I personally hate wasting time and losing track of what I was doing before a meeting so that I can be ready on time and fully prepared. First, you need to make the call, and then expect not to have communication issues, and finally, you need to fully concentrate again to program and be productive.
This change [to no meetings] can be simple for some people, others may not even think about it. I suggest you try it. Its potential is amazing and it has given us great results for the last six years.
In this way, we become asynchronous programmers. This means that we can work four hours fully concentrated and efficiently without being distracted. After that, when we have time, we are the ones who decide to answer an email/message. Our main means of communication is through text (no calls, no videos, and no meetings.)
2) No More Emails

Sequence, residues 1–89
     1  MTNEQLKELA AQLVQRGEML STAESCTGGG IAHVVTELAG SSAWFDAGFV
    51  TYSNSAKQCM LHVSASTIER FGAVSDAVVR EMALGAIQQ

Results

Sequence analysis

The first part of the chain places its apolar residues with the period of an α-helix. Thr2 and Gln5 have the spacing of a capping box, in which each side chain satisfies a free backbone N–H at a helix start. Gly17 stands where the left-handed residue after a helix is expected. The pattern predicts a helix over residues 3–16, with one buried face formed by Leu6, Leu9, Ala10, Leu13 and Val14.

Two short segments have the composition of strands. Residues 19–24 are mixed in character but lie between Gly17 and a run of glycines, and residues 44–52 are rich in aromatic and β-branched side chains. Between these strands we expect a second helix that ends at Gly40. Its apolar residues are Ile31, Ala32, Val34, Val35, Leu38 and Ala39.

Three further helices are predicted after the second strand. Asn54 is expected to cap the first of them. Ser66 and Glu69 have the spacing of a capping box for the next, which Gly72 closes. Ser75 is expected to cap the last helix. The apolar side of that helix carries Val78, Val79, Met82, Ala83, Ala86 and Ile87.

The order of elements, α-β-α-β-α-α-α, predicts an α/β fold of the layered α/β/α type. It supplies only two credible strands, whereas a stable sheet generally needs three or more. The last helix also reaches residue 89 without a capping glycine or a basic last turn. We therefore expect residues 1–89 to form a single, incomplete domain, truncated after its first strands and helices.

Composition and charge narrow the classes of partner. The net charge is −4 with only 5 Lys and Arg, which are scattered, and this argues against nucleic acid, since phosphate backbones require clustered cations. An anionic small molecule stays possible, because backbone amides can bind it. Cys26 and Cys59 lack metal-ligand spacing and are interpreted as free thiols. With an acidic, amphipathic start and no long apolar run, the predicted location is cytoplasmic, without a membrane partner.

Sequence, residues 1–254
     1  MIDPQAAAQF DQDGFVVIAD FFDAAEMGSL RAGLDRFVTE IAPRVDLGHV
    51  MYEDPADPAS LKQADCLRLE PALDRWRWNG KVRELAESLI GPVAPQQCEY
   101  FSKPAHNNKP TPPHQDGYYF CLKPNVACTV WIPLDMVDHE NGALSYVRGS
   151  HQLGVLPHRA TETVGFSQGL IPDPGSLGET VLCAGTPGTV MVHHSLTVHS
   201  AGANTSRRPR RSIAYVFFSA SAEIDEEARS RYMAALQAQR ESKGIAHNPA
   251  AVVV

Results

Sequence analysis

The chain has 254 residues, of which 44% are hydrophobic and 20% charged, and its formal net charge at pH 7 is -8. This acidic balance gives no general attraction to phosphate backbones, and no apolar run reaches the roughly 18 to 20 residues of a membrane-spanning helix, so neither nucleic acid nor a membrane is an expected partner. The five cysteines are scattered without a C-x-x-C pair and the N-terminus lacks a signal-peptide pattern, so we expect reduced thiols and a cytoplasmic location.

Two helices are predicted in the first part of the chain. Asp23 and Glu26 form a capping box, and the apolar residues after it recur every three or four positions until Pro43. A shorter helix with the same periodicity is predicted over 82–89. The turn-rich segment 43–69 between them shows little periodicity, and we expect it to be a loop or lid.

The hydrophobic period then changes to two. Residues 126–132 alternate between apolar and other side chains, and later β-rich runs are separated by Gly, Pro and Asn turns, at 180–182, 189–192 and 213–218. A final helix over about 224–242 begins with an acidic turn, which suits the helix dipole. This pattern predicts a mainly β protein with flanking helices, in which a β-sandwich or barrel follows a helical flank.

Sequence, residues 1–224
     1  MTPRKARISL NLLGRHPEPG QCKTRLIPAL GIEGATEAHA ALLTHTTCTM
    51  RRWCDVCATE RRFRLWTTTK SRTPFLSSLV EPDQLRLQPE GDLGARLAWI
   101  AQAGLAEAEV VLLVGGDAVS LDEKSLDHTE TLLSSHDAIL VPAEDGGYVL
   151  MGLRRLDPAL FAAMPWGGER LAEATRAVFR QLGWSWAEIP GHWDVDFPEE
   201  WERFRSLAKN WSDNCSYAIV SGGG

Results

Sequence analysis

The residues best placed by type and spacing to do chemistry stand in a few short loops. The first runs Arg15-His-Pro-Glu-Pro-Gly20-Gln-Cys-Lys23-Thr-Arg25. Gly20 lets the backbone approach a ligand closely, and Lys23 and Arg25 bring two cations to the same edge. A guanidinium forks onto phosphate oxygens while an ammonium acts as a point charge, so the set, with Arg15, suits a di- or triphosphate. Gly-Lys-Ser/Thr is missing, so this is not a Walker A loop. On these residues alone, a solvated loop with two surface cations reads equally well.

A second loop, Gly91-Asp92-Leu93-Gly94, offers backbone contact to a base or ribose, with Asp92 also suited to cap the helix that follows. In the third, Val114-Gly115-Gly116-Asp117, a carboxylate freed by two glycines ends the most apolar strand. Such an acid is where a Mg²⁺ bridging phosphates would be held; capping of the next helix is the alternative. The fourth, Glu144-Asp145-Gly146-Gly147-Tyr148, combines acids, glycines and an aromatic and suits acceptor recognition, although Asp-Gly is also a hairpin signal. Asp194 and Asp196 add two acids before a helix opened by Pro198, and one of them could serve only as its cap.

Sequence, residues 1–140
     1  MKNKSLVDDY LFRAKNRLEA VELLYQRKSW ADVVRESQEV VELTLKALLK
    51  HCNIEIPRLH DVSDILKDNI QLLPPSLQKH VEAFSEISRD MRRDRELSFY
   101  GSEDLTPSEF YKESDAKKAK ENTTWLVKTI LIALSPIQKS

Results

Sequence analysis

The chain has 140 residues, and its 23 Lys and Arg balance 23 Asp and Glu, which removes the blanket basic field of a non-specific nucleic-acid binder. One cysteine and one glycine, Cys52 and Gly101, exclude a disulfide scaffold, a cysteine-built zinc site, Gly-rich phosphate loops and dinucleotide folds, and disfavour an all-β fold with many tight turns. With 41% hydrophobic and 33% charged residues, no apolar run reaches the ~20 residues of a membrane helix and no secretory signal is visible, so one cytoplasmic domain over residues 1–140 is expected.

This is not like the previous item, because we didn’t completely eliminate the emails as we did with the meetings. However, with this work mechanism we were able to reduce the amount of emails received daily from an average of 55 to less than five.
And this is not about the amount of emails, but about the productivity I achieved by not having to use my email as a To-Do list.
The idea of this item is to change the work methodology. We shouldn’t be imposed on by something and be sent to our desk with a task (push). On the contrary, we are the ones who should choose to work on the task we are more interested in (pull.)
To take this to our day-to-day reality, we created an internal tool that we named “iAutonomous.” This is a list of projects which our start-up is currently working on.
Each one of us can create a new project or incorporate ourselves into an already existent one.